Star Wars Roleplaying Games : A Primer
It is a time of great celebration. Star Wars fans, having endured almost two decades of besmirching of their beloved franchise, have finally struck a blow against the evil forces of cynicism and nihilism. Striking from hidden bases in the Outer Rim of the Internet, they have found the lost spark of childhood wonder and are carrying it, along with plastic lightsabers and good blasters at their side, to the highly anticipated debut of Star Wars Episode VII: The Force Awakens, which opens next week.
We here at Twenty Sided Store are firmly onboard the hype train for Star Wars, and we’re showing our appreciation of the franchise and its fans with a week of Star Wars events that are completely free and open to all Padawans, scoundrels, and scruffy-looking nerf herders. You will never find a more buzzing hive of fun and geekery than with us next week, so check out our Events page to see all the games we’ll have going on for Star Wars Week!
This weekend is a game I’ve been looking forward to for a long time. On Saturday, Luis, Giaco Furino, and I will be stepping into the roles of Game Master to guide several tables through the Fantasy Flight Star Wars RPG. If you’ve always wanted to try the new Star Wars games out but couldn’t get a group together, or have never role-played at all but like the idea of playing new characters in the Star Wars universe, then stick around because I’m going to walk you through these amazing games so that, come Saturday, you’ll be ready to hit the table like a pro. It is time to let go of your conscious self, and act on instinct.
If you’ve played Dungeons & Dragons or any other roleplaying game, then you’ll be pretty well-versed with the concept, but if you’ve never heard of an RPG (or only experienced them in video games), here are the basics.
WHAT IS ROLEPLAYING?
Simply put, a roleplaying game is interactive storytelling. The characters all take roles as main characters in a story that is about them. They will be faced with problems and challenges, and will need to come up with solutions all while moving the plot forward and avoiding monsters and enemies trying to stop them. A Player Character (PC) describes how their character looks, moves, and acts in the world, sometimes even speaking as the character in first person (if they feel comfortable.) One player at the table, the Game Master, acts as storyteller and role-plays the rest of the characters, including the bad guys. If a character takes an action where the outcome is uncertain or serious consequences exist for failure, the player will roll dice to determine whether or not their character is successful. Play continues until the story ends or the PCs are all defeated.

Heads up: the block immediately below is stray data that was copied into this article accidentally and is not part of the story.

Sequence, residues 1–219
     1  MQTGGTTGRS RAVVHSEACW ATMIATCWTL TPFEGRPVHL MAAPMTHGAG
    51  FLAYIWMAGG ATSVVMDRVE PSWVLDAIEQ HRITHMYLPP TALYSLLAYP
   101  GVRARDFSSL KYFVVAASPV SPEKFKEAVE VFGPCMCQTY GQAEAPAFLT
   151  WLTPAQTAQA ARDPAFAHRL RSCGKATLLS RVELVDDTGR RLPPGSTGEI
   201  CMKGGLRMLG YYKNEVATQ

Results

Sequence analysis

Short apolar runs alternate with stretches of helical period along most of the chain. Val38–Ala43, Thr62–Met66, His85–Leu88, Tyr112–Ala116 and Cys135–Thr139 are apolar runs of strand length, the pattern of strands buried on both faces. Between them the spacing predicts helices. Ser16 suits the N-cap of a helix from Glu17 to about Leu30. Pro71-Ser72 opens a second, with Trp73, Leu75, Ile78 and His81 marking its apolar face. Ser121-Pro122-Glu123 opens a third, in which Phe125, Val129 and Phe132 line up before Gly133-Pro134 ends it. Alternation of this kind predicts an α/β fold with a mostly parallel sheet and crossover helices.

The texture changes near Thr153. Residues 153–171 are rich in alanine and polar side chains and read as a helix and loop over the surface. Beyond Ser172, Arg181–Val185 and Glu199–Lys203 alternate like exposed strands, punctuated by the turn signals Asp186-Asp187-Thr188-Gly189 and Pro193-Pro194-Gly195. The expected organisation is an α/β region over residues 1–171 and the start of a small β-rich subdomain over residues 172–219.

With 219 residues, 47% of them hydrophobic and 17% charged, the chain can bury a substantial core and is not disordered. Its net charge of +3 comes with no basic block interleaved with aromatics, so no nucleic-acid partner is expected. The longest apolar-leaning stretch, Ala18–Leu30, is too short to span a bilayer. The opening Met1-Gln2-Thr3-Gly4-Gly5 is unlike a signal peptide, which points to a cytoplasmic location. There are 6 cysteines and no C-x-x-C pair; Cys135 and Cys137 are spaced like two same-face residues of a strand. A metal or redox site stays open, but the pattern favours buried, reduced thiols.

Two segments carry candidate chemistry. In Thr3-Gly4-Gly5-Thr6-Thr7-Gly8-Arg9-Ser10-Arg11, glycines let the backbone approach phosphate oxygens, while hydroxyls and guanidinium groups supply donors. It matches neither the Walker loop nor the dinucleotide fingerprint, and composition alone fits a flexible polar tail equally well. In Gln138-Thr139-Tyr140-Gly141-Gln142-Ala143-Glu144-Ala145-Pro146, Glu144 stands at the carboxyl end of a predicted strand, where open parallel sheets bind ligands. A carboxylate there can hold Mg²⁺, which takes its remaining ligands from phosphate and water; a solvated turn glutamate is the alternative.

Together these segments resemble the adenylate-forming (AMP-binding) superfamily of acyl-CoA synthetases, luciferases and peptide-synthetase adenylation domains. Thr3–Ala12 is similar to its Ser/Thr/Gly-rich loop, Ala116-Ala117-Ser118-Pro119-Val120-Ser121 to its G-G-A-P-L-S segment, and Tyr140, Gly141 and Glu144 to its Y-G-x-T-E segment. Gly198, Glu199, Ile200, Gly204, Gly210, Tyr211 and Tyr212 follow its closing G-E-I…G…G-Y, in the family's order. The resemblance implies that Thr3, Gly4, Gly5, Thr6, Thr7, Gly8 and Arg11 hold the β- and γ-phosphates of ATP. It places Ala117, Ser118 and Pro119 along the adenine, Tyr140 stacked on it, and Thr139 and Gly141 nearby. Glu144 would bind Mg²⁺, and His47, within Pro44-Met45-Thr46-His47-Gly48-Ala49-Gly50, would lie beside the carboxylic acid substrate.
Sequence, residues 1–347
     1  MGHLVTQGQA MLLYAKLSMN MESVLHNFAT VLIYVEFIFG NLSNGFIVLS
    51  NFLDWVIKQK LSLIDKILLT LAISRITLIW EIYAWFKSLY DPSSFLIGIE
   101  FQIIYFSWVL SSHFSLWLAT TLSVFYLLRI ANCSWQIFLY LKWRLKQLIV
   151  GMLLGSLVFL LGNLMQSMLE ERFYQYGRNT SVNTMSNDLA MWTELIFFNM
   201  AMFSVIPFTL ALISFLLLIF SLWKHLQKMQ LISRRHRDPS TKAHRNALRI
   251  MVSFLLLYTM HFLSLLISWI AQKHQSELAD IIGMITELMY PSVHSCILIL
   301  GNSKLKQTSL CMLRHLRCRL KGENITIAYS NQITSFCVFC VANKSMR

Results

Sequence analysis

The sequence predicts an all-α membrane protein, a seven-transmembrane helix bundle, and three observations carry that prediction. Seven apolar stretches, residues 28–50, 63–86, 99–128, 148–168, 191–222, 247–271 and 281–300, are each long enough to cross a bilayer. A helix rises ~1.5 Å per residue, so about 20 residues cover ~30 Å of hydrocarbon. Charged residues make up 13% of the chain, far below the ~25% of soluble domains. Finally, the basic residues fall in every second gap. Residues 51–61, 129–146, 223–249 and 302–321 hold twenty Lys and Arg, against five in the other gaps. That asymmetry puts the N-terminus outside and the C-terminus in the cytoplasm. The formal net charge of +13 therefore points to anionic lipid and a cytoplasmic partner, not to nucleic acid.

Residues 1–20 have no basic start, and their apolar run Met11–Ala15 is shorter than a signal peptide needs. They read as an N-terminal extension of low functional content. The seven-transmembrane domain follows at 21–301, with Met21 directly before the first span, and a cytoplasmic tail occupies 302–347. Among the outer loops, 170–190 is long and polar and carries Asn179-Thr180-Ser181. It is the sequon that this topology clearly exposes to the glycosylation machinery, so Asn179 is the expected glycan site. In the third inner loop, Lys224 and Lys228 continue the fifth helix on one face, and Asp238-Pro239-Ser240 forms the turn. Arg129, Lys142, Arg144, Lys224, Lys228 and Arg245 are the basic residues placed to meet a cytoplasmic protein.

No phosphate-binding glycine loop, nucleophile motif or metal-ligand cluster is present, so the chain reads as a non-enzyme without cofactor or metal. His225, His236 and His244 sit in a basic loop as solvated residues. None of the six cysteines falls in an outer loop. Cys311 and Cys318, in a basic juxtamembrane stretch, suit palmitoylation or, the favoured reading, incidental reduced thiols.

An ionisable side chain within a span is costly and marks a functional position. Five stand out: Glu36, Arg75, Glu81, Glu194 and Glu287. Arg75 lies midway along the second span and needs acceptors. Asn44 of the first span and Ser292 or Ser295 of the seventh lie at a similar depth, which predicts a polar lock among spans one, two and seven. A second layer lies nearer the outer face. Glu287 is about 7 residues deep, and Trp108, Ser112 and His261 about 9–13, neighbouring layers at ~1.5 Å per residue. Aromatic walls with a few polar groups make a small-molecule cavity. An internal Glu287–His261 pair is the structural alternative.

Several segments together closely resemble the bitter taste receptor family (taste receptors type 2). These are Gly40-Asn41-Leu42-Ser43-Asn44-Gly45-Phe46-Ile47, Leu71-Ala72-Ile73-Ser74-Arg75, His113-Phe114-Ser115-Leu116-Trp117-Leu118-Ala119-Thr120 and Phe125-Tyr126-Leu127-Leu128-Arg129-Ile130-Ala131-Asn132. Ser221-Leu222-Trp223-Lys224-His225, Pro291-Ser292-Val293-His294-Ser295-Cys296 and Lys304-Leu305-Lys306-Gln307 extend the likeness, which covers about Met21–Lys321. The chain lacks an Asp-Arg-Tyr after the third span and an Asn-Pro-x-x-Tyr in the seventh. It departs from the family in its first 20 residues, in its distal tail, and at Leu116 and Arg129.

WHAT MAKES STAR WARS DIFFERENT?
There have been many Star Wars based RPGs in the tabletop world. I know several old-school role-players who still play Star Wars D6 and have a blast with it. But Fantasy Flight’s new Star Wars game is in a league of its own. It uses an innovative dice mechanic to strike a balance between the mechanics of the game and the need to keep the narrative moving forward.
Fantasy Flight’s Star Wars RPG uses special dice to adjudicate the game. (If you’re new and don’t have your own dice on Saturday, we will provide some for use!) These dice are separated into “good” and “bad” categories. When a character makes a check for a skill or combat, they first make a dice pool based on the good dice their character sheet tells them to roll. The GM adds bad dice to represent the difficulty, and the player rolls all the dice at once.